Considering that the media have a critical role to play in the electoral process by inter alia providing accurate and reliable information to the public in a timely manner, the Office of the United Nations High Commissioner for Human Rights organised two training sessions for a selected group of 33 journalists (19 females and 14 males) from across the country. Facilitation for this activity was provided by a variety of resource persons from the Uganda Human Rights Commission (UHRC), UN agencies, Civil Society Organisations (CSOs), academic institutions as well as media professionals.
The training reviewed key human rights provisions in international, regional and national laws related to elections. An emphasis was also laid on the importance for the media to report very objectively and pay close attention to matters affecting the youth, Persons with Disabilities (PWDs) and women while doing every effort to identify and combat fake news and disinformation. Some practical tools and techniques were shared with the participants in that regard.
Participants posed the problems of threats they have to go through when investigating certain matters. The UHRC familiarised them with the procedures to use in such cases while OHCHR also expressed availability to assist. Issues having to do with poor pay, lack of adequate equipment for journalists as well as the absence of the Communication Tribunal were highlighted and discussed. OHCHR has pledged to advocate with journalists’ associations and relevant stakeholders for a communications Tribunal.
Participants expressed gratitude to OHCHR for the initiative and pledged to implement the knowledge acquired in their daily endeavours. The training on gender-sensitive reporting has informed the awareness and understanding of many; it has helped in shifting “our prejudices on women, especially in the media and newsrooms. These days, wherever possible, a “gender lens” should be applied at the stage of assigning a reporter, and subsequently at all stages of the story, including language and style of writing.” Robert Mugabe observed. He was among five males and ten female participants who benefited from the second session of two trainings on media and human rights in times of elections – organised by the Office of the United Nations High Commissioner for Human Rights (OHCHR) in Uganda. He is a journalist with a disability – working with the National broadcaster – Uganda Broadcasting Corporation.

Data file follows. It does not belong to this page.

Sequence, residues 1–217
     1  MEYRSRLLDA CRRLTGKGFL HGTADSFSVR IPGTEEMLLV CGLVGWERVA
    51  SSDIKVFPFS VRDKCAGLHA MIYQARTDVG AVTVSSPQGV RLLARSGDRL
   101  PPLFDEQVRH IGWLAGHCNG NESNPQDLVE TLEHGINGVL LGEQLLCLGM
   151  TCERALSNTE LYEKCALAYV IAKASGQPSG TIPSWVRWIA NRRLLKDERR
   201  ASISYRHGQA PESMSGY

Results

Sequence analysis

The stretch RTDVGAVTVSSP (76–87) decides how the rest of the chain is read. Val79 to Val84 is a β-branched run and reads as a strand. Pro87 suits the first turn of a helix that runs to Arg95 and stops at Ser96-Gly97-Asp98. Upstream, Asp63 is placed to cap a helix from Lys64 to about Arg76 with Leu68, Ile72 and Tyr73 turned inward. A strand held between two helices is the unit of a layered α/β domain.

“We have learned that all of us matter and that the women, even those that are highly educated, still have an inferiority complex that should be addressed.” A female radio journalist said. “We must be deliberate that female journalists are empowered, to ensure that women’s issues appear on the front pages of our newspapers and primetime on the airwaves, but also women should be integrated into decision-making and influencing editorial policies that are pro-women.”
Going forward, and while the overall objective of the training is to sensitize journalists on professional work with human rights and gender lenses, at the end of these series of capacity building activities, which will also take place for media professionals in Karamoja, Lango, West Nile and Acholi regions as well, OHCHR intends to compile areas of concern that require advocacy. Then, necessary efforts will be made with journalists associations and other relevant likeminded from the UN and other national institutions and CSOs, with the view to looking for sustainable solutions.